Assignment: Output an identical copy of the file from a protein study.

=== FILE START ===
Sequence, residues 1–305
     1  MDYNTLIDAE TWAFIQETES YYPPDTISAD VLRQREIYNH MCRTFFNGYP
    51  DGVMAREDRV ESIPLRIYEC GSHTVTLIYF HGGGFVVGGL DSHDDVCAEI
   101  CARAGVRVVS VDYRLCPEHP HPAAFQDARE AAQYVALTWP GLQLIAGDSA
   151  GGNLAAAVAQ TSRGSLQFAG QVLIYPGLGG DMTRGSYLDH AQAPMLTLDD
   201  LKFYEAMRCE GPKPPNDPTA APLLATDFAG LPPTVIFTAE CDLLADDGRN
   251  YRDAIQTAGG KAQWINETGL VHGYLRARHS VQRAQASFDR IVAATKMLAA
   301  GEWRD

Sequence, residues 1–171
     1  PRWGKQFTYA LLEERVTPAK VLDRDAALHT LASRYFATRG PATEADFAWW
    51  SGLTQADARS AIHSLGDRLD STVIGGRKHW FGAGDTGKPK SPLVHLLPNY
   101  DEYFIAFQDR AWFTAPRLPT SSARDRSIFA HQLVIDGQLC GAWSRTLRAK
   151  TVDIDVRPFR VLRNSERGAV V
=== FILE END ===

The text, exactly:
Sequence, residues 1–305
     1  MDYNTLIDAE TWAFIQETES YYPPDTISAD VLRQREIYNH MCRTFFNGYP
    51  DGVMAREDRV ESIPLRIYEC GSHTVTLIYF HGGGFVVGGL DSHDDVCAEI
   101  CARAGVRVVS VDYRLCPEHP HPAAFQDARE AAQYVALTWP GLQLIAGDSA
   151  GGNLAAAVAQ TSRGSLQFAG QVLIYPGLGG DMTRGSYLDH AQAPMLTLDD
   201  LKFYEAMRCE GPKPPNDPTA APLLATDFAG LPPTVIFTAE CDLLADDGRN
   251  YRDAIQTAGG KAQWINETGL VHGYLRARHS VQRAQASFDR IVAATKMLAA
   301  GEWRD

Sequence, residues 1–171
     1  PRWGKQFTYA LLEERVTPAK VLDRDAALHT LASRYFATRG PATEADFAWW
    51  SGLTQADARS AIHSLGDRLD STVIGGRKHW FGAGDTGKPK SPLVHLLPNY
   101  DEYFIAFQDR AWFTAPRLPT SSARDRSIFA HQLVIDGQLC GAWSRTLRAK
   151  TVDIDVRPFR VLRNSERGAV V